Women in Energy Share Tips, Tricks, and Wisdom at Inaugural Meeting

Speakers at the inaugural ATCE Women in Energy breakfast included: Melanie Popp, geoLOGIC systems director of engineering (far left); Lijs Groenendaal, Shell International Lake Charles transition manager; Shauna Noonan, Occidental Petroleum director of artificial lift engineering and 2020 SPE president; Linda Battalora, teaching professor in Colorado School of Mines' petroleum engineering department and Women in Energy event chair at ATCE 2019; and Helen Chang, Alberta Energy Regulator chief engineer (far right).

The real challenge of attracting and retaining women in the upstream oil and gas industry has nothing to do with gender, said four industry leaders at the inaugural SPE Women in Engineering Committee Breakfast at the SPE Annual Technical Conference and Exhibition. The event was held 30 September in Calgary.

The four—incoming SPE President Shauna Noonan, director of artificial lift engineering for Occidental Petroleum; Helen Chang, chief engineer for Alberta Energy Regulator; Lijs Groenendaal, venture planning transition manager for Shell Exploration & Production; and panel moderator Melanie Popp, director of engineering for geoLOGIC systems—came together to share their thoughts about personal and professional engagement, empowerment, and success with existing and new SPE members. In the course of the discussion, the panelists agreed that the real challenge of attracting and retaining all talent—not just women—is tied to the industry’s unintentional “brand” among people outside it. That brand is characterized by the following.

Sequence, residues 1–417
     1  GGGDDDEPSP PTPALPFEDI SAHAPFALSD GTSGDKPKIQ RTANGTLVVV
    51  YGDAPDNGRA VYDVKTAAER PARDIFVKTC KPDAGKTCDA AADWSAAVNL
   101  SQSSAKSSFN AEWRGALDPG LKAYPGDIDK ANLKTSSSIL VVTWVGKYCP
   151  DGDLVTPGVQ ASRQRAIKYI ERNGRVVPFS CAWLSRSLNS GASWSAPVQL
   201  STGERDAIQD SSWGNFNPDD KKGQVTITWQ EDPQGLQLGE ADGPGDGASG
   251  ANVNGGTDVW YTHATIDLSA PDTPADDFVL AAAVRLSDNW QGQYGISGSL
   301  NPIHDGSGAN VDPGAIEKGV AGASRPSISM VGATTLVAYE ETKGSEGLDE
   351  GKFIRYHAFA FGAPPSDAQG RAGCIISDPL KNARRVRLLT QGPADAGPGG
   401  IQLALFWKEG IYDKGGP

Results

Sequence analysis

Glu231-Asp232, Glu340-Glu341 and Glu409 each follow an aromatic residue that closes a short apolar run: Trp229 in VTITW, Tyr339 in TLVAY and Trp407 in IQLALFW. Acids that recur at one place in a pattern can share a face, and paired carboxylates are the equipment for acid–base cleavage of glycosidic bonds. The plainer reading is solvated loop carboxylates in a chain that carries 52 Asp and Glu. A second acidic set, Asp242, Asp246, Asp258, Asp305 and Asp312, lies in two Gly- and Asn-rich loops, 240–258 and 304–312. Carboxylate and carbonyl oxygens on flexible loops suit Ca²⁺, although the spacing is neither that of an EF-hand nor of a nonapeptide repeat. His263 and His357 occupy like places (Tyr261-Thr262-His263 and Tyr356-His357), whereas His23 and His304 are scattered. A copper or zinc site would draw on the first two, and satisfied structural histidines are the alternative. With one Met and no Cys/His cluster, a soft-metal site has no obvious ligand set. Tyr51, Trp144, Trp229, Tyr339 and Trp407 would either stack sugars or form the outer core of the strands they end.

• Negative public perception, particularly as it relates to the environment

  • Poor boom-and-bust business models

  • Poor work/life balance

What Has Changed

The consensus among the panelists was that the role of women in petroleum engineering is evolving.

 The panelists discussed how mentors, sponsors, colleagues, evolving domestic roles, and the “SPE Village” have helped women survive and thrive in a male-dominated industry that historically based promotion on physically demanding field work, working outside one’s home country, and other factors that put women—especially those who also wanted families—at a disadvantage. Women tended to network with male colleagues or not network at all because there were so few females. Few if any had mentors. To be accepted by the men, they had to be “one of the guys,” not only in how they worked, but also in how they looked.

“FRC (flame-retardant clothing) was exactly the same for women as for men. It didn’t fit and the colors were not at all complementary,” recalled Noonan. And, maternity leave and flex time were nonexistent.

Times have changed. Many countries and companies now have paid maternity leave policies. Popp contributed to “Managing Transitions,” a Canadian document adopted by the Association of Professional Engineers and Geoscientists of Alberta (APEGA) and Engineers Canada that provides tips and techniques to help women manage their careers while offramping or onramping to or from maternity leave.